He recently visited Qatar, Pakistan, and Saudi Arabia as part of efforts to pave the way for a peace deal between Kabul and the Taliban. But many of his critics are pessimistic about his role-playing in the peace process.
Abdul Latif Pedram, a member of Afghanistan parliament, has asserted that all of Afghanistan peace affairs should not be entrusted to Khalilzad and that the parliament should work more seriously on the peace. Pedram raised the possibility of forming an interim government and delaying the April 2019 presidential election as the peace talks with the militant group are underway.
Khalilzad appointment was given publicity only after some sources talked about negotiations between the US and the Taliban in Qatar. A month before, the New York Times reported that Trump had authorized the direct dialogue of Washington with the Taliban representatives.
Concerns about rising artificial sectarian tensions
As an Afghan-born American, Khalilzad is not a neutral American but a biased Afghan in the middle of Afghanistan’s sectarian and political disputes. Many Afghanistan affairs experts argue that his appointment as a US special envoy will not lead to a fair and sustainable solution to the decades-long Afghanistan crisis. The critics support their argument by suggesting that past experiences show he adopted a sectarian and not nationalist approach in dealing with Afghanistan affairs.
Reports say that the US envoy has restricted his talks over the past few months to the heads of Pashtun tribes, mainly in southern Afghanistan, where President Ashraf Ghani has roots.
So, since the initial steps, Khalilzad has adopted a sectarian approach to the peace process, with the other ethnic groups, like the Hazaraz, having no place in his pro-peace plan. This bias has given rise to concerns about the exacerbation of the already-tough tensions and disputes.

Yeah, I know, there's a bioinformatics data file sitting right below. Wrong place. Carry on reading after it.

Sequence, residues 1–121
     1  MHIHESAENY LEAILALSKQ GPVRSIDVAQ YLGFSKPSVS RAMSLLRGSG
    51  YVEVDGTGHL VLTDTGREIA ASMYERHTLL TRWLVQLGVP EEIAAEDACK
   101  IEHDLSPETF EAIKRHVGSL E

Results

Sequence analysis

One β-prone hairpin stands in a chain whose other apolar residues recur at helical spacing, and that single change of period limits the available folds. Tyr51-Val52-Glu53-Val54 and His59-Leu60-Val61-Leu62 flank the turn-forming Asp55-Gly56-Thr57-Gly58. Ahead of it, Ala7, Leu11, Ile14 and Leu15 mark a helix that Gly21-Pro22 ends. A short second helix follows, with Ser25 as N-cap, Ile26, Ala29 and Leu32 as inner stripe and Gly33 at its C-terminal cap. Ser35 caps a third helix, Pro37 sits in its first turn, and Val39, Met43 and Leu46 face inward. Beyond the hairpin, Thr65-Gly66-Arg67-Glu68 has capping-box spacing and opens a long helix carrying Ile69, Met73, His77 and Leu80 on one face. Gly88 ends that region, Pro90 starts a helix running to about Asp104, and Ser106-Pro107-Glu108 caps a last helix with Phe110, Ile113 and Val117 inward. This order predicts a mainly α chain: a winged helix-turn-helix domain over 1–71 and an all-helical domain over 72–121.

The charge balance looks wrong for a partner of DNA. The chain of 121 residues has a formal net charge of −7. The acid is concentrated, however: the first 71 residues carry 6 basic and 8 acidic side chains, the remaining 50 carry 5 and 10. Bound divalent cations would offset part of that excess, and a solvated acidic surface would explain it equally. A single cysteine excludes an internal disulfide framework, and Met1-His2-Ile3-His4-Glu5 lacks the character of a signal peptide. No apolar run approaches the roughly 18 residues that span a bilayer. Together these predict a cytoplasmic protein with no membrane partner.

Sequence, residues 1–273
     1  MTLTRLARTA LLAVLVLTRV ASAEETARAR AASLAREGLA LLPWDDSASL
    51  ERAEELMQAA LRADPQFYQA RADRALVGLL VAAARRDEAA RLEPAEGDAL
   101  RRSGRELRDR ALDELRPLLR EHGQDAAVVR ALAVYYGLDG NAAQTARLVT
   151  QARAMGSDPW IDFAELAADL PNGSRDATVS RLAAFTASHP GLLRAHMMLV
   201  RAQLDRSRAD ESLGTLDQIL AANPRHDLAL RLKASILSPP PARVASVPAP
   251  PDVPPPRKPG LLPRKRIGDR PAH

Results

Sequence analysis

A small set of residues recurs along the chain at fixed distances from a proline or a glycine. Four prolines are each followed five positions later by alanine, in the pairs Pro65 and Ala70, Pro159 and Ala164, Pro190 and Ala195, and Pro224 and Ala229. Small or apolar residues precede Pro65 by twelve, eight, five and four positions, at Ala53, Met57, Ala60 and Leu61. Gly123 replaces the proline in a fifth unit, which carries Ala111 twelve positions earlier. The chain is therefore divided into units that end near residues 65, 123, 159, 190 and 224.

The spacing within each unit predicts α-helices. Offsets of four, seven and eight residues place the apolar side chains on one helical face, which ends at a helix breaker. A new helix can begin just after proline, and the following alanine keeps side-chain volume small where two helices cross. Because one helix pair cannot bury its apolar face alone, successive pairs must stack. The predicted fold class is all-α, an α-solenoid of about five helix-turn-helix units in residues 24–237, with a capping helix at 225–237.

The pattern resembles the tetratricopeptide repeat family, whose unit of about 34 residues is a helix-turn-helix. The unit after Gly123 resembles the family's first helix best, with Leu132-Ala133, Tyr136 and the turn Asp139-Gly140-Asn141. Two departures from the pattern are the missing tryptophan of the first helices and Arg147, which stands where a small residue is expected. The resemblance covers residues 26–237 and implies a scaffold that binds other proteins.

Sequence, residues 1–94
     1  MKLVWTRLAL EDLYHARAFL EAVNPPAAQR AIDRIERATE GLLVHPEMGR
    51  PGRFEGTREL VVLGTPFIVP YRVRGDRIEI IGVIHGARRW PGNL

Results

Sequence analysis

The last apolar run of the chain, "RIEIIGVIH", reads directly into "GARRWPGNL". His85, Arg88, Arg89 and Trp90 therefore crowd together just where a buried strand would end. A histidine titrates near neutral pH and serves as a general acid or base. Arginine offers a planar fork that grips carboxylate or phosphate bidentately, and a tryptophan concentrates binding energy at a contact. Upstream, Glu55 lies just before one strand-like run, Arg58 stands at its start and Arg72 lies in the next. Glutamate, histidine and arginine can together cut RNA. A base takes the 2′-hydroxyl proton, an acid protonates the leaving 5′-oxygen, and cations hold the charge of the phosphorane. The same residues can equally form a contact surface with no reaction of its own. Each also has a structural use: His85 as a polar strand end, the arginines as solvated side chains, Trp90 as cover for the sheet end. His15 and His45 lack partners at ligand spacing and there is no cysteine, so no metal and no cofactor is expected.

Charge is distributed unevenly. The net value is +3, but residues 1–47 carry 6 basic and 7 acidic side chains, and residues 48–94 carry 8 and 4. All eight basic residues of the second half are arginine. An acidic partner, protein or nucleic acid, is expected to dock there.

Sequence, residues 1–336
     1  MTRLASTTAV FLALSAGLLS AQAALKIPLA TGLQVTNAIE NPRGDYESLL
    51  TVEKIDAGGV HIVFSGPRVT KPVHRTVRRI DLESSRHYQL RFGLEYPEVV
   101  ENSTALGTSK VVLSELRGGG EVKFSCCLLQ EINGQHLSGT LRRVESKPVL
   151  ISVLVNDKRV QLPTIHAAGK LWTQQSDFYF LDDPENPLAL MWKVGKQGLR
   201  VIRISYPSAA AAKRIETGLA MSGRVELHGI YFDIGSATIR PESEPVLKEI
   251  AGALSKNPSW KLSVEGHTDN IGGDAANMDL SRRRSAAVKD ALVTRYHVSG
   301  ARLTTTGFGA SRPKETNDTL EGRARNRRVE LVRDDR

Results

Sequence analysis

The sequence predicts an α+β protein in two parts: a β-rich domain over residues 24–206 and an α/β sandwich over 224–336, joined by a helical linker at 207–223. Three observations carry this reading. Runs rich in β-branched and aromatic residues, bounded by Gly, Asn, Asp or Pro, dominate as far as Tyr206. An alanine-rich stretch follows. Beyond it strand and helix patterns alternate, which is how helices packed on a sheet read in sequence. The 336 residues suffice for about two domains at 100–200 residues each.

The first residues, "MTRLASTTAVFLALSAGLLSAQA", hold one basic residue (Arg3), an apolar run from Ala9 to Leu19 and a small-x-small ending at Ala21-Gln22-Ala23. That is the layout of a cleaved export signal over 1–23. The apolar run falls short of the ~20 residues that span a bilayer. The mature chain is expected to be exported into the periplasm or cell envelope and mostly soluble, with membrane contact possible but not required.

The peace efforts by the US come while in last summer the American president strongly rejected any peace with the Taliban and instead highlighted a need for sending further troops to Afghanistan to defeat the militants there.
A year after Trump’s troops increase decision, the Taliban has not been defeated. The Chairman of the Joint Chiefs of Staff General Joseph Dunford last week maintained that the Taliban is “not losing” and there is “no military solution” to end the Afghanistan crisis.
So, the US inclination to peace with the Taliban, which is a mission Khalilzad is tasked with, indicates the early failure of Trump’s militaristic strategy. On the other side, Khalilzad with his sectarianism focuses on Pashtuns and drives out of the peace process other key ethnic groups such as the Hazaras and Uzbeks. Marginalizing some ethnic group not only will lead to no peace but also will fuel ethno-sectarian conflict in already-tense Afghanistan situation. The protests to Khalilzad performance may be heralding such a conflict.